Core consumer prices fell for the third month in a row to a level not seen in 44 years. Despite these low price levels, consumer sentiment remains weak. Taken together, these data points seem conflicting. However, there are companies that should be the beneficiaries of weak confidence and low prices. Such companies have been and should continue to see a boost in sales and translate into strong relative stock performance. The S&P 500 has returned a negative 3.5% year to date, but these stocks have held in since the beginning of the year.
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In this environment, many consumers are looking for bargains and ways to make their dollars stretch. Weak confidence means that consumers are unsure about their future and want to save or decrease spending as much as possible.
Dollar General (NYSE:DG) is a discount seller of every day merchandise. This company provides the basic necessities at discount prices. The stock has appreciated almost 32% since the end of 2009 and has moved from $23/share at the beginning of the year to the current price $29/share. The premise that foot traffic will continue to be strong during this uncertain economic environment keeps this stock performing better than the market. (For related reading, see Family Dollar Posts Strong Earnings, Guidance Panned.)
The fashionistas of the world still want to look good, but at cheaper prices. TJX Companies (NYSE:TJX) is more commonly known as TJ Maxx, Marshalls and Home Goods, among other brands. This company offers fashionable apparel and home furnishings at discount prices. The stock has been fairly steady in 2010 and has appreciated over 130% off the lowest levels seen in 2008.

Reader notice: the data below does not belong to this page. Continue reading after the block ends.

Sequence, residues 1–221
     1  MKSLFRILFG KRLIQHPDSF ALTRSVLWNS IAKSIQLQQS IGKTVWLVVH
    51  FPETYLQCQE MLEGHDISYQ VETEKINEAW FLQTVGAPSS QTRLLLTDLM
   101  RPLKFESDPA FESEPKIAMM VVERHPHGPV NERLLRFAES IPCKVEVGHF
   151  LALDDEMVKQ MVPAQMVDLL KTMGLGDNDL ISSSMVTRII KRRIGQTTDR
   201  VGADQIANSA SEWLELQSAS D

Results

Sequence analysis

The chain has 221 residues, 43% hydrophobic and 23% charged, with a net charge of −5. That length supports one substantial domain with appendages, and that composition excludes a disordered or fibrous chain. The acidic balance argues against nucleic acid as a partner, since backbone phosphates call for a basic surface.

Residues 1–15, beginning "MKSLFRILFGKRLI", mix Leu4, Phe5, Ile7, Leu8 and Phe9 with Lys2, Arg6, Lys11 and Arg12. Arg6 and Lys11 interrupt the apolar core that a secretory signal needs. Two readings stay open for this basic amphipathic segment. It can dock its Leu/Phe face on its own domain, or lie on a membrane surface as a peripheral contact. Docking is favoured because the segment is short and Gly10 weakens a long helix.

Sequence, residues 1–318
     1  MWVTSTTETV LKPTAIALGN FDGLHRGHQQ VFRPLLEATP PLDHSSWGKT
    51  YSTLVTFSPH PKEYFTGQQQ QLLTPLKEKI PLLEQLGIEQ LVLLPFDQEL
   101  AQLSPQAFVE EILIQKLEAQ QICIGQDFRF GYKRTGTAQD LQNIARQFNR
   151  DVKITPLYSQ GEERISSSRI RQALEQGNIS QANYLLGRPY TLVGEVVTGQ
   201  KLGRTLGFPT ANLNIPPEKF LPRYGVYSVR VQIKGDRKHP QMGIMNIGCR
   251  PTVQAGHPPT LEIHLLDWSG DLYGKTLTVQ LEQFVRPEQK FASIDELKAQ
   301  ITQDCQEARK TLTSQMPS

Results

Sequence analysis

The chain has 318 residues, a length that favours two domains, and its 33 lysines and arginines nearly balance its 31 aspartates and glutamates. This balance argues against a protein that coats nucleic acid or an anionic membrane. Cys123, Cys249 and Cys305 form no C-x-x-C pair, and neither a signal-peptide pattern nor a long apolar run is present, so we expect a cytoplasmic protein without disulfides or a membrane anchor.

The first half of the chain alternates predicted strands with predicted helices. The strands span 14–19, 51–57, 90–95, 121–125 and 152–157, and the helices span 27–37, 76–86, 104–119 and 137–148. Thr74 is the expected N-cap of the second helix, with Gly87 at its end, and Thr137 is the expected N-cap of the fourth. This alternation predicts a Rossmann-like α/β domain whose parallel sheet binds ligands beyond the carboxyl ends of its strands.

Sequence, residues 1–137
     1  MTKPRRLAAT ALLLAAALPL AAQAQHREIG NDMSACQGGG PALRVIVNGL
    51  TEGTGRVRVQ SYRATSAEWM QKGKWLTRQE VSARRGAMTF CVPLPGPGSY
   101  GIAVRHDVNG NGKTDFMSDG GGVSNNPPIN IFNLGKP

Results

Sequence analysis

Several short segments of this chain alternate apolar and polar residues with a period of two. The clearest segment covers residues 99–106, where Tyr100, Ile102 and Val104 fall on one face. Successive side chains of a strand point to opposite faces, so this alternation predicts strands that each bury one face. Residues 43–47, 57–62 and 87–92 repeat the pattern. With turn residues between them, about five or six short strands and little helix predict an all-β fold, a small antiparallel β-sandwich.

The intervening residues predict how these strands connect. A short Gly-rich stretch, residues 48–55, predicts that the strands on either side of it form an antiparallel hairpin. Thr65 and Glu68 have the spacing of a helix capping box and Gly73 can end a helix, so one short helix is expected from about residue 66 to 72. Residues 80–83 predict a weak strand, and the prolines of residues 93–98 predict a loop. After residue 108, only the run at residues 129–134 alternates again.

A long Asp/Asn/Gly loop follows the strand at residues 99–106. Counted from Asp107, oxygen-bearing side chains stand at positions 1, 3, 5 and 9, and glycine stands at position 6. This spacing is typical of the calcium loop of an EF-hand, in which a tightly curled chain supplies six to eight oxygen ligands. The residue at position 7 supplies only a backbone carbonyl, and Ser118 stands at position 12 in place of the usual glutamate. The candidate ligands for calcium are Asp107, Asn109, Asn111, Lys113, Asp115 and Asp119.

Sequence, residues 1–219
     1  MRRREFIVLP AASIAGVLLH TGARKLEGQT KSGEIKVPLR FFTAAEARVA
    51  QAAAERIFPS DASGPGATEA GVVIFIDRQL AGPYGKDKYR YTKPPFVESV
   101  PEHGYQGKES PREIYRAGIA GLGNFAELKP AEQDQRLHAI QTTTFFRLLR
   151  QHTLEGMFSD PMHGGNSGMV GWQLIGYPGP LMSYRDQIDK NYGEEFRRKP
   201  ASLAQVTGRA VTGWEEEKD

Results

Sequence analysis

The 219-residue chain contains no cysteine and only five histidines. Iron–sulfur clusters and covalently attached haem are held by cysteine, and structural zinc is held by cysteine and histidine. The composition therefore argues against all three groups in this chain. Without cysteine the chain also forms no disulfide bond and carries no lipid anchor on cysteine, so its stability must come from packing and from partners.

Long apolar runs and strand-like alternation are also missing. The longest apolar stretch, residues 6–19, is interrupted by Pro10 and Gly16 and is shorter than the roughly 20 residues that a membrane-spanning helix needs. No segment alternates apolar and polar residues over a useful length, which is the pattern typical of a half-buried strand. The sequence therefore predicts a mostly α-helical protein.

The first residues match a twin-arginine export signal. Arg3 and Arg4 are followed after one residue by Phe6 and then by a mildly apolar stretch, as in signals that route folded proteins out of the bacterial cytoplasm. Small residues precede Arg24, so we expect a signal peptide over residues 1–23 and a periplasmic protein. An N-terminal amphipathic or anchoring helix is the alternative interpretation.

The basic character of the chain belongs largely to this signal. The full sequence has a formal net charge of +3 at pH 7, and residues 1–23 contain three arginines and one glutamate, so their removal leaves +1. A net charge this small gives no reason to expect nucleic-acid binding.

"Sin" Eases Worries
The so-called "sin" stocks - tobacco and beer - usually have good returns during difficult economic times. During this recession, these stocks have held up quite well, keeping the "sin" investment theory alive.
Anheuser-Busch Inbev (NYSE:BUD) has perhaps the most well known brand of beer worldwide. BUD has been a steady stock in 2010 and appreciated 46% since third quarter of 2009. Philip Morris International (NYSE:PM) manufactures tobacco products and is most known for its Marlboro brand cigarettes. PM has similarly been very steady in both 2009 and 2010, recovering from the global slowdown to within 10% of its former stock price.
The Bottom Line
While the economy tries to figure out which direction it is headed, these companies should continue to benefit from the uncertainty and weather the storm better than the market. As such, investments in these companies should return more than the market.
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